Maiden of the South Sea

dave harrity




After F.R. Barton


While the social structures of pleasure

are conceptual, a privileged few innately

sense a fancy for nostalgic lust. A photographer

must travel to the unwashed of the world’s edge

to collect images of nubile girls tattooed

above the flexure of the iris down the collar

to the inguinal cusp. But perhaps this is

an acceptable First World compromise.

No one wants naked innocence in his backyard

for the neighbors to see, incomprehensible

discernment of foreign facial vocabulary

that cannot be interpreted with Occidental eyes.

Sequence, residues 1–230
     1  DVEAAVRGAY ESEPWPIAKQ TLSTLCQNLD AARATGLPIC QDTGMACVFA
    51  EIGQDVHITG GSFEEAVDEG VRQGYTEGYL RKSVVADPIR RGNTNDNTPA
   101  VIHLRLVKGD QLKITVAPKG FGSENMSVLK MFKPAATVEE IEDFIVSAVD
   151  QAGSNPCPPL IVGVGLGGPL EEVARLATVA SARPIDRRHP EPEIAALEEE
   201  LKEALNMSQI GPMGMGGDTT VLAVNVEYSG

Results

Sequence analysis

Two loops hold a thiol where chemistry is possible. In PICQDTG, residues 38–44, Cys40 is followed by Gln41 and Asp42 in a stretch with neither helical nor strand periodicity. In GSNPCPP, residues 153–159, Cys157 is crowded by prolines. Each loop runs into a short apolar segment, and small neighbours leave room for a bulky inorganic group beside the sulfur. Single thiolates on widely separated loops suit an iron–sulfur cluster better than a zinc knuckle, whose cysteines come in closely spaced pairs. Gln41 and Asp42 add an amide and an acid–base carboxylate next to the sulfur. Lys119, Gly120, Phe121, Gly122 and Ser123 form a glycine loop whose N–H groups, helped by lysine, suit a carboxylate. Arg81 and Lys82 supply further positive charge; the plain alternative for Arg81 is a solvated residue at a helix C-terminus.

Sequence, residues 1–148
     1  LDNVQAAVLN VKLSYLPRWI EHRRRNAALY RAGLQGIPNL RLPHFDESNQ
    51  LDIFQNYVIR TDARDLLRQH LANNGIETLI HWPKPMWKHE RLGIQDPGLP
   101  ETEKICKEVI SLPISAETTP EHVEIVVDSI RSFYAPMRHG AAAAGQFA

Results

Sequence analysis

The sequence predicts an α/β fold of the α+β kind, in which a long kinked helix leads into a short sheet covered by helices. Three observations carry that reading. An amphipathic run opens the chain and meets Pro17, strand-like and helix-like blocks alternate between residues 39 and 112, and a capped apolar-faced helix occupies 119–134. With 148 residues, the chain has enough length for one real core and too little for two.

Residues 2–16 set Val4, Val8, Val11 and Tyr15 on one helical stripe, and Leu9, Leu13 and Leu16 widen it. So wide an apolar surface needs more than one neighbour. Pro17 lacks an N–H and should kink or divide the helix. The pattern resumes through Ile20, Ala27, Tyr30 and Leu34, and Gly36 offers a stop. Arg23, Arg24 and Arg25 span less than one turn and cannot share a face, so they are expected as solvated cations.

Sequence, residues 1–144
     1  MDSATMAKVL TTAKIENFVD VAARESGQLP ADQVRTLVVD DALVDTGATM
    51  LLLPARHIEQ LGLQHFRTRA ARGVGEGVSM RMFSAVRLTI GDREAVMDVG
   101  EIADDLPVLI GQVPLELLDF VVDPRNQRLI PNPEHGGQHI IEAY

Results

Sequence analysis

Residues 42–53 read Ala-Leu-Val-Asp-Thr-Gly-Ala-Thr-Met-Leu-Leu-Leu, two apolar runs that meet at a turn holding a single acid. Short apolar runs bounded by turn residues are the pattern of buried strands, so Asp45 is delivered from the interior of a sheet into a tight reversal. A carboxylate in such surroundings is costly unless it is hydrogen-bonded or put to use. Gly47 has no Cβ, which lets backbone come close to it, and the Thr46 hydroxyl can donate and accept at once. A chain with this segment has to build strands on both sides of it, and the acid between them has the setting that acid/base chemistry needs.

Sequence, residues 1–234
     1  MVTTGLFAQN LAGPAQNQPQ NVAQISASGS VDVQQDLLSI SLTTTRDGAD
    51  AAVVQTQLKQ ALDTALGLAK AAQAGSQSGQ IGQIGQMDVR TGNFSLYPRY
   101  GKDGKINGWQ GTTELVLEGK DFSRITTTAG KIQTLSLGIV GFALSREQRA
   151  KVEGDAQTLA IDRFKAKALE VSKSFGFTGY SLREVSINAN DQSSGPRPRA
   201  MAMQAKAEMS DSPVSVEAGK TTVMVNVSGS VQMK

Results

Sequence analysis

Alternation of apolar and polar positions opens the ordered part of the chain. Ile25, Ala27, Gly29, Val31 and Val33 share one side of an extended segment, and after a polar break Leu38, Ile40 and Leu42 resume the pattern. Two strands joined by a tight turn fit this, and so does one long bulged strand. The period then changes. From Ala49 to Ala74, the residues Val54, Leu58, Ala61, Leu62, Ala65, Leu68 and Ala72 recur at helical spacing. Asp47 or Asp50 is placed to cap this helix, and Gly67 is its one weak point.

Neither joy nor affection is a bother to ones

who watch from the obscure circumstance

of distance; dead girls & live boys do little

to rouse revulsion.

                                                After his death,

an artistic rival spread a rumor: every Wednesday

he paid a Tamili woman, London born, £12

an hour to say the word paprika without her

night shirt while he touched himself

behind a silk curtain. His ledger confirmed

the charge as “Spice Trade.” At the time,

there were no words in her language for

pornography. Only words about exorcising

tenderness, where—in the revelation

of another’s poverties—nascent suspicion

guaranteed the ingredients of fantasy.



Dave Harrity’s writing has appeared in Verse Daily, Forklift, Ohio, Copper Nickel, Palimpsest, Memorious, The Los Angeles Review, Softblow and elsewhere. His most recent book is Our Father in the Year of the Wolf (Word Farm, 2016). He is a recipient of an Emerging Artist Award and an Al Smith Fellowship from the Kentucky Arts Council.